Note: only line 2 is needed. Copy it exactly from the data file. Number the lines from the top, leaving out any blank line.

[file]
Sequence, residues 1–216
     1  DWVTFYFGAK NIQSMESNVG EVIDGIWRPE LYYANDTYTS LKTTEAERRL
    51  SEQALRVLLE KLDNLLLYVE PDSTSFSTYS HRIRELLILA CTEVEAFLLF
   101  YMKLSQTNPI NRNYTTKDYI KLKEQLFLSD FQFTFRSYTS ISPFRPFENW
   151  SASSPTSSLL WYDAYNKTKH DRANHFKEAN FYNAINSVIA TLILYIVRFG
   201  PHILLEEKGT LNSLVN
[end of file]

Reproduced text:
     1  DWVTFYFGAK NIQSMESNVG EVIDGIWRPE LYYANDTYTS LKTTEAERRL